As discussed above, it is undisputed that L&C both advised that filing the IRS Form 3115 was required and they did in fact file it for one of the plaintiffs’ companies (Two Franks) but not for the other (NFGTV) for the 2016 tax year. Stated differently, L&C established the standard of [*3]care required and their own breach by advising that the Form 3115 was required and by admitting that they had made a mistake in not filing it (NYSCEF Doc. No. 71, at 2-3). Additionally, L&C themselves submitted papers to the IRS indicating that as a result of their mistake, the plaintiffs were damaged and that the plaintiffs substantially overpaid their taxes and the individual plaintiffs were entitled to take these deductions on their individual tax returns (NYSCEF Doc. Nos. 71-73). This isn’t a question of the plaintiffs’ word against the defendant’s, it is a question of the defendant’s word against the defendant. As such, there are no material issues of fact for trial that the defendant committed professional malpractice.[FN1] Finally the Court notes that the work done by other accounting firms for subsequent years does not constitute an intervening superseding cause to the work done by L&C for the 2016 tax year because it was L&C that completed the tax returns for the 2017 tax year (Bachmann, Schwartz & Abramson v Advance Intl., 251 AD2d 252, 253 [1st Dept 1998]; cf. Pyne v Block & Assoc., 305 AD2d 213 [1st Dept 2003] and Golden v Cascione, Chechanover & Purcigliotti, 286 AD2d 281 [1st Dept 2001]).”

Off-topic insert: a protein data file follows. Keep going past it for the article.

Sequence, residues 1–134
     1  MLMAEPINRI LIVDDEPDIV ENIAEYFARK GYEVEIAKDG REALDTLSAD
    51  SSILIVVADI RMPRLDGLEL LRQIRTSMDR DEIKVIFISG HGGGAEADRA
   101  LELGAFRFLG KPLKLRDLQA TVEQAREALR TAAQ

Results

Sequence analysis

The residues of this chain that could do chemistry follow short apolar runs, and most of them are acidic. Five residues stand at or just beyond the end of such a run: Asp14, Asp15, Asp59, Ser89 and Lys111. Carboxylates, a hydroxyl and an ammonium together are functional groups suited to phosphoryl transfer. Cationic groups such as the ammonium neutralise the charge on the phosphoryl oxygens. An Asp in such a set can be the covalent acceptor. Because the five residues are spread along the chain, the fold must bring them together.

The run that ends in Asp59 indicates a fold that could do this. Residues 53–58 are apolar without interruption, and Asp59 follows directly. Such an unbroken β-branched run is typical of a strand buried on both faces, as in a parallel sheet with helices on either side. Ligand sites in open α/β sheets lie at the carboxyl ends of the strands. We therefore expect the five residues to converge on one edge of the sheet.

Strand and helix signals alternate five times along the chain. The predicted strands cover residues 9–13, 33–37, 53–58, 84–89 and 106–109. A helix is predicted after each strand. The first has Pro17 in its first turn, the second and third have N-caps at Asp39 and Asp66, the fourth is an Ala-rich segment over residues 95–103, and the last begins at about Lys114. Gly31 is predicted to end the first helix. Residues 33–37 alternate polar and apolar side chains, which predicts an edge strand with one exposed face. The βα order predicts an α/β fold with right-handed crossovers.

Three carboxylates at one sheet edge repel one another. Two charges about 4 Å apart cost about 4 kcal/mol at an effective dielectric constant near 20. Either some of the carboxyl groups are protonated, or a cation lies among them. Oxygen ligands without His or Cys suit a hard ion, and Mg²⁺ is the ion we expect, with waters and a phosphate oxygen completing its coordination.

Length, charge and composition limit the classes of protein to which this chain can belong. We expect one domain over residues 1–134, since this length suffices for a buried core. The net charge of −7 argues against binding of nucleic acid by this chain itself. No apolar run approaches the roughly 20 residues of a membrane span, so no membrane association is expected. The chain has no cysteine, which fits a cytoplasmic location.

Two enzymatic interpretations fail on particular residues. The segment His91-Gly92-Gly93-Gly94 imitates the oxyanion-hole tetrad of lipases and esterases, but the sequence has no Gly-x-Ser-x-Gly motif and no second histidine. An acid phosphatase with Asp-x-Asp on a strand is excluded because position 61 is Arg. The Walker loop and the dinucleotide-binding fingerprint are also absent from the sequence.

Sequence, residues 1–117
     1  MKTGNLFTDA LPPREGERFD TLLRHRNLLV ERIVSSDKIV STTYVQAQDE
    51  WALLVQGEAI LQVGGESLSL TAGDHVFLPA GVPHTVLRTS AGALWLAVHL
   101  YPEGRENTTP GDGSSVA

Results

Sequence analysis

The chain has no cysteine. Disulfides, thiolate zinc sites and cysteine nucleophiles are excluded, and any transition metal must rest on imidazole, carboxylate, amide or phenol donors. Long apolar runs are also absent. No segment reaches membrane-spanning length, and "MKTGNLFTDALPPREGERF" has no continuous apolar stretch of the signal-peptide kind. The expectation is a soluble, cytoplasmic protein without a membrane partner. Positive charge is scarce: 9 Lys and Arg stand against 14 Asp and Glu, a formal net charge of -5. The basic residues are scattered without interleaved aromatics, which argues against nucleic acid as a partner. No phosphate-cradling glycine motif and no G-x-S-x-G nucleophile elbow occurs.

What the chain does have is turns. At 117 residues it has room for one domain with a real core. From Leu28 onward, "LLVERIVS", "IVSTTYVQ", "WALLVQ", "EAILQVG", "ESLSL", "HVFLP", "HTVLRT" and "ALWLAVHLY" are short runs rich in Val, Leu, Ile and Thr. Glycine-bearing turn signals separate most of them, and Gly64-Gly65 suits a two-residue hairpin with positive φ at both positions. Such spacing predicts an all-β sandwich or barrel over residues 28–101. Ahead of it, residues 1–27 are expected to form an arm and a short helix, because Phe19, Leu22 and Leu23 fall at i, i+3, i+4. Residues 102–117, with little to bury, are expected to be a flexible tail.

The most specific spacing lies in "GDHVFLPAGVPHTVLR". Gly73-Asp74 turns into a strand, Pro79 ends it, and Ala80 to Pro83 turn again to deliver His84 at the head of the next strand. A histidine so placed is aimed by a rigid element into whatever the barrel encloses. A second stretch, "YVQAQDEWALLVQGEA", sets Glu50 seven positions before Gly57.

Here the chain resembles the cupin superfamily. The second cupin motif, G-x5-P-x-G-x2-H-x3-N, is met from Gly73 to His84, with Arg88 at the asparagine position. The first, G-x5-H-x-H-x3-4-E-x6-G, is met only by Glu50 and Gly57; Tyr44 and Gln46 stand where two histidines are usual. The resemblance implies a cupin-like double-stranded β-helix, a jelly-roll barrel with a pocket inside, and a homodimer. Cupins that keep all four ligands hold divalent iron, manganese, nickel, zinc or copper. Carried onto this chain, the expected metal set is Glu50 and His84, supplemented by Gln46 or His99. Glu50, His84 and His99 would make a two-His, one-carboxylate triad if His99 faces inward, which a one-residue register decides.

Email this postTweet this postLike this postShare this post on LinkedIn
Andrew Lavoott Bluestone

Andrew Lavoott Bluestone has been an attorney for 40 years, with a career that spans criminal prosecution, civil litigation and appellate litigation. Mr. Bluestone became an Assistant District Attorney in Kings County in 1978, entered private practice in 1984 and in 1989 opened…

Andrew Lavoott Bluestone has been an attorney for 40 years, with a career that spans criminal prosecution, civil litigation and appellate litigation. Mr. Bluestone became an Assistant District Attorney in Kings County in 1978, entered private practice in 1984 and in 1989 opened his private law office and took his first legal malpractice case.

Since 1989, Bluestone has become a leader in the New York Plaintiff’s Legal Malpractice bar, handling a wide array of plaintiff’s legal malpractice cases arising from catastrophic personal injury, contracts, patents, commercial litigation, securities, matrimonial and custody issues, medical malpractice, insurance, product liability, real estate, landlord-tenant, foreclosures and has defended attorneys in a limited number of legal malpractice cases.